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Re: [freehaven-dev] Publius
Here's some of the differences between us and them that I see on a first
* They borrow the concept from TAZ/Rewebber of having multiple
proxies "decode" a URL to point to shares of a document. This means
that they can implement the client by a proxy which understands
these weird URLs and plugs into a browser.
This has the significant advantage of allowing hyperlinks within
the Publius system, since they look like a funny kind of URL. Then
these links can be served just like http links.
* However, they seem to punt on the question of how to prevent
someone from following the link back ("use Crowds") in section
* They're using plain vanilla Shamir secret sharing. Among other
things, this means that if a share or shares is damaged, they can't tell
until after the document reconstructs to garbage, and so in the worst
case they have to try all combinations of shares to figure out which are
good and which are bad (section 3.3).
That's kind of suboptimal, but I don't see yet why they couldn't use
IDA or some kind of scheme where bad shares are immediately
* They don't have the notion of a "trust network" that we do. In fact,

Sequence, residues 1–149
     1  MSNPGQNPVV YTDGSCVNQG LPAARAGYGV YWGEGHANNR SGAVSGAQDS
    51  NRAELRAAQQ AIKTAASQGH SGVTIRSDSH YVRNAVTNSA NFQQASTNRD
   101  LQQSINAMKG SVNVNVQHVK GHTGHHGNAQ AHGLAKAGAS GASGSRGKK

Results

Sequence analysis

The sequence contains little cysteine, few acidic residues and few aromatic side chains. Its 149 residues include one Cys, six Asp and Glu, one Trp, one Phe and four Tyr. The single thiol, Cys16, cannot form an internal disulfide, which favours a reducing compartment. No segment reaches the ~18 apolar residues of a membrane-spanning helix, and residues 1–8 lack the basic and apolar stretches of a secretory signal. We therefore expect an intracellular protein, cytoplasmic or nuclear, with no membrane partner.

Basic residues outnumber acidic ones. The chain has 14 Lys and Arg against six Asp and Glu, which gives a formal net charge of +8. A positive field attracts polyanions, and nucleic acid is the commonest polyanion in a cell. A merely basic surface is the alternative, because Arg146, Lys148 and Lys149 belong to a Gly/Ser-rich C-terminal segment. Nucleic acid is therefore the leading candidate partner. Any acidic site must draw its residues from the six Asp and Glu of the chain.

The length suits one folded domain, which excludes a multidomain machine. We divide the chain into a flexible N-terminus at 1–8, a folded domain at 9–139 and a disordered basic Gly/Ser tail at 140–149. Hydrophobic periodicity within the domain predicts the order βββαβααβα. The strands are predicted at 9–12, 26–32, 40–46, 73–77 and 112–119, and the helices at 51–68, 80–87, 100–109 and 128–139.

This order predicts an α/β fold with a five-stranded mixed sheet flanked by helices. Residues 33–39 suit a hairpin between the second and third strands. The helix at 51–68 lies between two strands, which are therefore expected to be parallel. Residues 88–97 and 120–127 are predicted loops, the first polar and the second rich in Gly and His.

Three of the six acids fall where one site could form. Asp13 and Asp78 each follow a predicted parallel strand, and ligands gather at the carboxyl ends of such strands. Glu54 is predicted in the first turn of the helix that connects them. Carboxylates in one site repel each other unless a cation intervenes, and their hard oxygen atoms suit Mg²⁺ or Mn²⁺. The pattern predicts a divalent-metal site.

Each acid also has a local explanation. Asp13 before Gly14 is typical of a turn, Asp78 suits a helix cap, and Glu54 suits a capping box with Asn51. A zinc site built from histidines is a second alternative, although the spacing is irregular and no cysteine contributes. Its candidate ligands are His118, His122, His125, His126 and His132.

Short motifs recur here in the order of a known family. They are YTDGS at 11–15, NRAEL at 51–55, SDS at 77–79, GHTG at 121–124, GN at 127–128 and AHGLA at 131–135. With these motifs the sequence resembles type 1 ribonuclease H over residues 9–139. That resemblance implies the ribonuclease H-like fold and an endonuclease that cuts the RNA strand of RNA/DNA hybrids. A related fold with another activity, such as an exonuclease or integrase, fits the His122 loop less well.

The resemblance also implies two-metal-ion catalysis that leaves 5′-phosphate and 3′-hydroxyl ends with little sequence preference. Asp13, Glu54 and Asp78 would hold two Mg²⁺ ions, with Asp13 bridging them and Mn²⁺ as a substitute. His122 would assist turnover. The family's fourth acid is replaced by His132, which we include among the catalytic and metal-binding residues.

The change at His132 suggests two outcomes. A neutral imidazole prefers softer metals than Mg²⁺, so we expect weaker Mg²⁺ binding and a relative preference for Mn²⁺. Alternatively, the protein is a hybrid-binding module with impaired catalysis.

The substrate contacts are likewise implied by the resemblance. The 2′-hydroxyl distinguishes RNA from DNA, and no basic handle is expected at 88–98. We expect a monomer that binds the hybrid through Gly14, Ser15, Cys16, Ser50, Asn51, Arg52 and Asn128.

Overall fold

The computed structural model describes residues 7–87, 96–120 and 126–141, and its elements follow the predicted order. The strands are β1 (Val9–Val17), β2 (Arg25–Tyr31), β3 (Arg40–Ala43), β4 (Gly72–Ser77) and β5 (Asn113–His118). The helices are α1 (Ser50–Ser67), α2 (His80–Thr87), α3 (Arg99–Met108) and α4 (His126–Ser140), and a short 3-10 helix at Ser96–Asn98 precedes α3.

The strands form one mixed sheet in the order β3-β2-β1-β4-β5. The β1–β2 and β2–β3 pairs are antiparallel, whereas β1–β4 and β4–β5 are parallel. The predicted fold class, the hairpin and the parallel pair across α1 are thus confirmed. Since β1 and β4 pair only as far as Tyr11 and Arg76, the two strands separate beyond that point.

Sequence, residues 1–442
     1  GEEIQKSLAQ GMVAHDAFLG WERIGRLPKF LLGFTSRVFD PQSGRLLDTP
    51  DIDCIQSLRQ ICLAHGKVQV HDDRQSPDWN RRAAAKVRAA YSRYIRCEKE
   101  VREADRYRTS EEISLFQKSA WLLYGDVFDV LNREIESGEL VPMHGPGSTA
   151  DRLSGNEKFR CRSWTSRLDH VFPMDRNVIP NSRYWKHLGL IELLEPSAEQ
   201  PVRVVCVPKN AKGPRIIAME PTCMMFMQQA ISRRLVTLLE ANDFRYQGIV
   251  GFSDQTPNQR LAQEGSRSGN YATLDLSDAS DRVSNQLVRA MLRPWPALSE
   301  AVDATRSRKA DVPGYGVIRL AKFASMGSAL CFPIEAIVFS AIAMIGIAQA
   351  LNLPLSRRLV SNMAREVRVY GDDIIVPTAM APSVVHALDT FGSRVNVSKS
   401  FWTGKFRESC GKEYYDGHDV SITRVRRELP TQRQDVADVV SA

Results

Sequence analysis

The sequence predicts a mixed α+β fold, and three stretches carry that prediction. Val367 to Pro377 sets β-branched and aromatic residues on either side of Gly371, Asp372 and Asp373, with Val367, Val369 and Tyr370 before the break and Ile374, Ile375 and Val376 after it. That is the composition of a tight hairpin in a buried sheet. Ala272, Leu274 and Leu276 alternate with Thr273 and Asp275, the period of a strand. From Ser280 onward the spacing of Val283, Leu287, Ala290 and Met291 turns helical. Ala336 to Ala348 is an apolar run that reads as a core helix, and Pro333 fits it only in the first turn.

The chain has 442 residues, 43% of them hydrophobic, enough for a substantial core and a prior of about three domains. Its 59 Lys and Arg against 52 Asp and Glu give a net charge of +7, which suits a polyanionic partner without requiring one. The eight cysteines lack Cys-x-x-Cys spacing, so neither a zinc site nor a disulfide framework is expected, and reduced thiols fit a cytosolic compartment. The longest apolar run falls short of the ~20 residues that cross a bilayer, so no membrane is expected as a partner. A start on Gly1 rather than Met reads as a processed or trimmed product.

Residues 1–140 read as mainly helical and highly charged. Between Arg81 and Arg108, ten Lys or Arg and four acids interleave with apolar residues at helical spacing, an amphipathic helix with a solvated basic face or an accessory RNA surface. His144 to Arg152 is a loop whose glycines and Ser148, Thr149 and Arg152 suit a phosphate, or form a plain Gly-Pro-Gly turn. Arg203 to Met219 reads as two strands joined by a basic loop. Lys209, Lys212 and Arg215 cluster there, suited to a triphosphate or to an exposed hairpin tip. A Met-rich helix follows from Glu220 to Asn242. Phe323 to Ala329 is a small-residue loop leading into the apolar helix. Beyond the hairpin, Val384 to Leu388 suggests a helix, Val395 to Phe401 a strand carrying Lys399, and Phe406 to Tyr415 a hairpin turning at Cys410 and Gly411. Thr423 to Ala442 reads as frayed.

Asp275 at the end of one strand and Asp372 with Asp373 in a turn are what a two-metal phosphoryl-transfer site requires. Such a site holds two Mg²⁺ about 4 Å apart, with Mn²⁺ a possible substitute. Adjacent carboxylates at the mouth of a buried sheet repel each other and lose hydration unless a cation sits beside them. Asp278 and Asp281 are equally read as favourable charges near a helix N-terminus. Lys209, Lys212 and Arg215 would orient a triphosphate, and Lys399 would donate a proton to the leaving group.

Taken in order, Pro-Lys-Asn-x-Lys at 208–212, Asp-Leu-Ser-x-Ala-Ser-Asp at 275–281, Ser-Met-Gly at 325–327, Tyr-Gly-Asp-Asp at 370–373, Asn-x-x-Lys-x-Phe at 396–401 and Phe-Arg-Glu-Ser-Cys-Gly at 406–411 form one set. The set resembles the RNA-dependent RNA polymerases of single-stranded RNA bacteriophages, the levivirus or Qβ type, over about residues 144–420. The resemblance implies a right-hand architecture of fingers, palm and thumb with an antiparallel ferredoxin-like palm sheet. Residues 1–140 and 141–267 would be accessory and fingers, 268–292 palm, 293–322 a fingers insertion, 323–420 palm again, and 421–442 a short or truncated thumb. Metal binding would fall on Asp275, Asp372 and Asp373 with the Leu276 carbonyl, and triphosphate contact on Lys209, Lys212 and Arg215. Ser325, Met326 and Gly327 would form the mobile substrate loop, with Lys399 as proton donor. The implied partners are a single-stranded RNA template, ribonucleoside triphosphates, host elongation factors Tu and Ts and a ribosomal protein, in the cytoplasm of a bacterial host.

I'm not sure where they expect their servers to come from. They *do*
discuss what happens if servers go bad in section 5, but they don't
offer much more than "make the number of servers required to reconstruct
very big" and then "make publishing content expensive" as a solution,
either via e-cash or hashcash.
There is a suggestion that a threshold of servers (in terms of the
number of shares the document is split into) must be corrupted in order
to do something bad. Their discussion of this is a bit brief, though.
I think that under the assumption that the broadcast reaches everyone,
and neglecting trading, we may have similar threshold guarantees to
* They allow unpublishing and updating of content. They do discuss
rubber hose cryptanalysis in section 5.5, but I can't make out what
they're saying in the publisher case -- it looks like they are
discounting the possibility that the adversary will guess a publisher
and then try to beat the unpublishing key out of him.
* No trading.
On Sun, 30 Apr 2000 email@example.com wrote:
> Looks like related work to me...